We refer to the IFRS Foundation’s Consultation Paper on Sustainability Reporting, and we welcome the opportunity to contribute our perspective.
Norges Bank Investment Management (NBIM) is a division of the Norwegian Central Bank, responsible for investing the Norwegian Government Pension Fund Global with the objective of ensuring a high long-term return. NBIM is a globally diversified investment manager with assets valued at NOK 10,088 billion (USD 1.149 trillion) as of December 31, 2019.
The need for a globally accepted standard
As a long-term investor, we have an inherent interest in how companies manage their use of natural and social resources, as this can have a bearing on their ability to create financial value. We benefit from information on companies’ exposure to sustainability risks, how these are managed, and relevant performance metrics.
Existing sustainability reporting frameworks support an improved understanding of companies and their sustainability performance. However, the high number of frameworks and their voluntary nature sets them apart from the well-established and mandatory financial reporting frameworks. The lack of standardisation can pose challenges for investors seeking to integrate sustainability information into their decision-making.
As a global investor, with holdings in companies in 71 different countries, we have a clear interest in this information being reported in a consistent and comparable manner across markets. We believe a consolidation of standards is necessary. A good first step would be to agree on a set of industry-specific standards for financially material sustainability disclosures.
The IFRS Foundation could be well-placed
We welcome the proposal by the IFRS Foundation to set up a Sustainability Standards Board (SSB) and develop global reporting standards for sustainability topics. The IFRS Foundation would bring recognition and credibility to any new standards due to its governance structure and rigorous standard-setting process.
It could, as the governing body of the International Accounting Standards Board (IASB), also ensure both clearer delineation with, and where necessary, tighter integration into, financial accounting standards.
We agree with the requirements for success listed in the consultation paper. In addition, we believe that the development of such standards is time-sensitive and may need to be done at a faster pace than financial accounting standards have been developed in the past.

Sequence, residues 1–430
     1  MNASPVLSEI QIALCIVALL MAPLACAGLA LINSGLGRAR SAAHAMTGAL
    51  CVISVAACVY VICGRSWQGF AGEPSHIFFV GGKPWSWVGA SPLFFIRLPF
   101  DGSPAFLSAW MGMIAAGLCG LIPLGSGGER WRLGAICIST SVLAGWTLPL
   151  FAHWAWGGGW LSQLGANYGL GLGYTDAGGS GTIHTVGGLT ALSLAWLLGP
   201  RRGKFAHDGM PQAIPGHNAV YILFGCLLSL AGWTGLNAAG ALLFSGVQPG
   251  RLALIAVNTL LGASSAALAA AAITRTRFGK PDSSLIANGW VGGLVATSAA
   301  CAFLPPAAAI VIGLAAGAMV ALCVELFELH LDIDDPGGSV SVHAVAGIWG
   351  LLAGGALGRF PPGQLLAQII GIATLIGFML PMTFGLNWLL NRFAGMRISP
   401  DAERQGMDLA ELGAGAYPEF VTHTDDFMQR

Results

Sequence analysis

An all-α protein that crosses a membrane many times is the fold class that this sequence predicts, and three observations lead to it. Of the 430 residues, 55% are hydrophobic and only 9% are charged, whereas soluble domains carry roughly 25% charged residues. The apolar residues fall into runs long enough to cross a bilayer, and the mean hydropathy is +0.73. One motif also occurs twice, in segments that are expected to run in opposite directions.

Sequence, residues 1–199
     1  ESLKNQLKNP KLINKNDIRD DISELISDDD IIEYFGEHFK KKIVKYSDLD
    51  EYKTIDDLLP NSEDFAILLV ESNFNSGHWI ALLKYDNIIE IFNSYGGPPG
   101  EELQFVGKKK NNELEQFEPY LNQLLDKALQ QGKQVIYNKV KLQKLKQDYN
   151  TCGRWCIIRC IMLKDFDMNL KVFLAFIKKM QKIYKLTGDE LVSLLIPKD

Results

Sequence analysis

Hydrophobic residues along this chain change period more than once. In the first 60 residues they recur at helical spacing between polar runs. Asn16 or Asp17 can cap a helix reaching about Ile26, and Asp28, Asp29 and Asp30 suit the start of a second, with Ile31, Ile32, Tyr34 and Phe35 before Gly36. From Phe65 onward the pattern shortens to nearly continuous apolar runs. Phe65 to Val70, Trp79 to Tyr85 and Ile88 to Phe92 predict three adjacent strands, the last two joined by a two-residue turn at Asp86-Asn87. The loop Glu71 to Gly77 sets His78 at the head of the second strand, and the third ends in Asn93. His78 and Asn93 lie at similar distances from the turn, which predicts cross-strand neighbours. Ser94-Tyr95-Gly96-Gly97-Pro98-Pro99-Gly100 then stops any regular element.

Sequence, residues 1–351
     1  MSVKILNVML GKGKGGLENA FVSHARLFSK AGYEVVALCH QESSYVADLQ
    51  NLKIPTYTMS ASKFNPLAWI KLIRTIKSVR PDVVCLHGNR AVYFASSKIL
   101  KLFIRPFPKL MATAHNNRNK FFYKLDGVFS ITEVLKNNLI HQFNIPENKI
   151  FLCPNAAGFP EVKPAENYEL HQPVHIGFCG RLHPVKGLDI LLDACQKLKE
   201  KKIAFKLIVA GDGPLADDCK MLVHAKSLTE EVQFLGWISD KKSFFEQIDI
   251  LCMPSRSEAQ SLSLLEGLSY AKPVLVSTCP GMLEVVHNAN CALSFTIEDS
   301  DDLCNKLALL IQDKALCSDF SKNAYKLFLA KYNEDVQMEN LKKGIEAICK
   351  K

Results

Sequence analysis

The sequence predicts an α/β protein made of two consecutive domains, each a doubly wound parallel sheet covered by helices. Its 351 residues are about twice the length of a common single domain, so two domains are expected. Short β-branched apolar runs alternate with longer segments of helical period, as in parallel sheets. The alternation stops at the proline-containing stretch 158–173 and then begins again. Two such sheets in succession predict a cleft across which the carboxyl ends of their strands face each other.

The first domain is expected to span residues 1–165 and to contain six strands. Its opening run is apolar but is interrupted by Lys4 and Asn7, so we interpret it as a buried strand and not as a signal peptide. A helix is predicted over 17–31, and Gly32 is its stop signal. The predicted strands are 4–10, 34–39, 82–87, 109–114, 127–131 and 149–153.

Starting with financial materiality
Over time, we believe that a coherent set of reporting standards responding to the needs of both investors and other stakeholders is required. The core building block in this should be a set of industry-specific standards for financially material information, with investors as the primary audience. We believe it is such standards that an SSB could develop, mirroring the IASB’s focus on serving investors.
The interests of a broader set of stakeholders may be better catered for by other institutions. Measuring and reporting social and environmental impacts is in many cases a normative exercise and can therefore be even more challenging to standardise at a global level than matters of financial relevance. The rapidly evolving nature of many environmental and social issues also requires flexibility and room for development that codification in fixed and mandatory reporting standards would not allow for.
As other institutions develop standards for broader sustainability reporting, they could refer to the SSB standards as a core, and only seek to add further topic-, region- or viewpoint-specific requirements. The SSB would need to account for such interoperability in their work.
Climate first, but not at the expense of other topics
Over time, we believe the SSB standards should cover all financially relevant environmental and social topics. We recognise that climate change is among the most financially material sustainability topics for many companies, and also the one which is most standardised for reporting. It may therefore serve as a good starting point. However, standards for other environmental or social topics should not be unduly postponed. A long lead time carries the risk that other reporting frameworks are adopted in the meantime, leading to a continued fragmentation of the standards landscape.
Build on existing standards
Developing standards for a broad range of topics, and at a fast pace, will require a good start. The IFRS Foundation could consider adopting or integrating parts of existing sustainability standards, such as those of the Sustainability Accounting Standards Board (SASB), following a review of their development processes.
To conclude, we support the high-level ambition and direction set out in the consultation paper. We appreciate your willingness to consider our perspective, and we remain at your disposal should you wish to discuss these matters further.
Carine Smith Ihenacho Wilhelm Mohn
Chief Corporate Governance Officer Head of Sustainability